The physics of time
Time: 10:30 - 13:00
This course will be delivered online. See the ‘What is the course about?’ section in course details for more information.
Course Code: HS136
Duration: 2 sessions (over 2 weeks)
What is the course about?
We will explore the concept of time in everyday life, and how it changes via the theories of special and general relativity. We will look at real life examples of time dilation and how it must be accounted for. We will investigate the nature of time in the quantum world from the particle perspective and we will discover the future of the Universe via the fundamental law of entropy.
Radmila Topalovic holds a degree in Physics with Astrophysics and a PhD in Astrochemistry. She has written articles for The Guardian Starwatch column and The Mercury Night Sky column, and is a co-author of Stargazing: A beginner's guide to astronomy. Radmila was an astronomer at the Royal Observatory Greenwich, she is currently Programme Leader for Science and Engineering at Kaplan International College.
This is a live online course. You will need:
- Internet connection. The classes work best with Chrome.
- A computer with microphone and camera is best (e.g. a PC/laptop/iMac/MacBook), or a tablet/iPad/smart phone/iPhone if you don't have a computer.
We will contact you with joining instructions before your course starts.
What will we cover?
- History of timekeeping (sundials to atomic clocks) – links to the Earth, Sun and Moon.
- Time dilation (special relativity) and examples
- Gravitational time dilation (general relativity) and examples
- The nature of time for electrons and photons
- Planck time and the Big Bang
- The second law of thermodynamics and the fate of the Universe.
What will I achieve?
By the end of this course you should be able to...
- describe how we keep track of time and why our calendar is the way it is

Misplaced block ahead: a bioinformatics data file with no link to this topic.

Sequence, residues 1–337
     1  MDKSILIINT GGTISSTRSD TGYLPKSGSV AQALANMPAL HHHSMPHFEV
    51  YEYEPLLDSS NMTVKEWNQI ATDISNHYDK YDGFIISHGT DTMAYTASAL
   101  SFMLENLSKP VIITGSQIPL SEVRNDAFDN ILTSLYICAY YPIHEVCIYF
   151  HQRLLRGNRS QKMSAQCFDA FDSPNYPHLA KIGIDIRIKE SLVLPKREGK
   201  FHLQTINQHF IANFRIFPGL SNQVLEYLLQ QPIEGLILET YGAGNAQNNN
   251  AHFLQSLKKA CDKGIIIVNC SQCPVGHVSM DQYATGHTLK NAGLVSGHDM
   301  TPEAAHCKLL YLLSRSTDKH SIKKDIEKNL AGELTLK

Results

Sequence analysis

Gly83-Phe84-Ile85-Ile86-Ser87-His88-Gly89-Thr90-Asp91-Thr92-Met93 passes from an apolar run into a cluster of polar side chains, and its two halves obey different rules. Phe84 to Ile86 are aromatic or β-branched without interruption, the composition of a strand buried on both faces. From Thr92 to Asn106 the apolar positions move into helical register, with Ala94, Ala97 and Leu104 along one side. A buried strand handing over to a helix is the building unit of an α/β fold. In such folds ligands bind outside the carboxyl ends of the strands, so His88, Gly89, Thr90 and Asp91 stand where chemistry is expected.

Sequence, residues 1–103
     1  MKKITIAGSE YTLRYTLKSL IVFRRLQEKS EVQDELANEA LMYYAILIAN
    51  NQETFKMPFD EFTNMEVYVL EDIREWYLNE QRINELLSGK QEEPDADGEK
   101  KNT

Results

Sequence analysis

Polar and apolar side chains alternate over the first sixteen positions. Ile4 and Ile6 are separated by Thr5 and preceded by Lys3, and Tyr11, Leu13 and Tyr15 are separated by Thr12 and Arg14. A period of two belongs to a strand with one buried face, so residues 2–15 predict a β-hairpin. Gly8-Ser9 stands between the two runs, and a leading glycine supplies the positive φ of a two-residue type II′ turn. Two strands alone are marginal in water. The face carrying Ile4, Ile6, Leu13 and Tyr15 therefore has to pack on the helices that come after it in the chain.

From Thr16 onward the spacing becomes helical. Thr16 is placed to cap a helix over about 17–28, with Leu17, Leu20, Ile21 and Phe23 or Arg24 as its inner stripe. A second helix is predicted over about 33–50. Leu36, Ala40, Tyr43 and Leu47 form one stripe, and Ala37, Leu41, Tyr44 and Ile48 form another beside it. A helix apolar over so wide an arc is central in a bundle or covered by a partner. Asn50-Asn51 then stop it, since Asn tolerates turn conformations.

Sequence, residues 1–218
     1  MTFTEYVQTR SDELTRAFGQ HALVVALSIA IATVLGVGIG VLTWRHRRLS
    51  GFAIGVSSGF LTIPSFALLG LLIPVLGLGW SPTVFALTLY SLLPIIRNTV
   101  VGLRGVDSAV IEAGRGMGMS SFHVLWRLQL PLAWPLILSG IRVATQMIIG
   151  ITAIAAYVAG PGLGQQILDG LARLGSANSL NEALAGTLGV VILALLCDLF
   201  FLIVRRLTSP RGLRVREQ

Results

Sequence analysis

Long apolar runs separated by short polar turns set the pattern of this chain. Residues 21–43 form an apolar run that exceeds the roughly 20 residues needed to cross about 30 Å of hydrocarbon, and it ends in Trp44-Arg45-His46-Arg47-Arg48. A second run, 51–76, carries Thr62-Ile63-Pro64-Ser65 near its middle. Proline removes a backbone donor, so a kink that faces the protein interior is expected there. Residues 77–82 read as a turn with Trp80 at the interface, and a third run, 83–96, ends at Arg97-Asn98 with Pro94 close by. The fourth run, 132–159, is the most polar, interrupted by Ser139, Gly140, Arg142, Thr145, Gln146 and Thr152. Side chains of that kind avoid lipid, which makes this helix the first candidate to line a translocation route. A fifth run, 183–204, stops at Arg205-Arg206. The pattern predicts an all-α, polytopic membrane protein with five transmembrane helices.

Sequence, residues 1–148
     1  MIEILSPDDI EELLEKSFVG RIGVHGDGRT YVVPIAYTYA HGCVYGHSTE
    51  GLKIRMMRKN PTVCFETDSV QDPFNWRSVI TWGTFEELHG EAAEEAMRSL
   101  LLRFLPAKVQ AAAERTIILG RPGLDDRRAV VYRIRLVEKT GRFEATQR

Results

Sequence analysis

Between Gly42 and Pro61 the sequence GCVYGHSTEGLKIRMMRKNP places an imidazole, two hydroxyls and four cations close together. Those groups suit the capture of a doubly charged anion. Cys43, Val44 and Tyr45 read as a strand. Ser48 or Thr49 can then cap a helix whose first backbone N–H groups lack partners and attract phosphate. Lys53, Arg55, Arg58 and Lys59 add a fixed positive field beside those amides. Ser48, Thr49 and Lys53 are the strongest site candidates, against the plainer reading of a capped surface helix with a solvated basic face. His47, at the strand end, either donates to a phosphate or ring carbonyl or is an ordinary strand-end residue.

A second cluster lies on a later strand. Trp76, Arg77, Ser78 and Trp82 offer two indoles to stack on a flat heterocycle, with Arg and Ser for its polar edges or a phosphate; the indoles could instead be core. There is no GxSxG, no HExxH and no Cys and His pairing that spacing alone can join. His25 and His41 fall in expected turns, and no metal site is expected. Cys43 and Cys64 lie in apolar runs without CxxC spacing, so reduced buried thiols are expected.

- explain the concept of time dilation and its relevance to everyday life
- explain how time slows down in a gravitational field
- describe the arrow of time from the perspective of elementary particles
- State the Planck time and it’s connection to the Big Bang
- State the second law of thermodynamics and explain how it governs the evolution of the Universe.
What level is the course and do I need any particular skills?
No previous knowledge is required. However an enthusiasm for learning and an open and critical mind will enhance your enjoyment and benefit from this course.
How will I be taught, and will there be any work outside the class?
Lecture - all information will be supplied via Powerpoint slides which will be made available for download. Be prepared to contribute to class discussion and group work.
Are there any other costs? Is there anything I need to bring?
There are no other costs but you will require a notepad and pen if you wish to take notes.
When I've finished, what course can I do next?
HS160 Physics the fundamental science
HS155 Introduction to quantum physics
To learn about additional courses, please also look at the broader science and nature website.
If you are on Twitter and want to get course notifications and other tweets, please follow us at
Rad heads up Science & Engineering at Kaplan International College in London Bridge, having spent more than seven years at the Royal Observatory in Greenwich developing and delivering world-class education programmes. She holds a degree in Physics with Astrophysics and a PhD in Astrochemistry, and has taught physics, maths and astronomy for almost ten years. Her biggest passions are quantum physics and astrobiology. https://twitter.com/Rad_T
Please note: We reserve the right to change our tutors from those advertised. This happens rarely, but if it does, we are unable to refund fees due to this. Our tutors may have different teaching styles; however we guarantee a consistent quality of teaching in all our courses.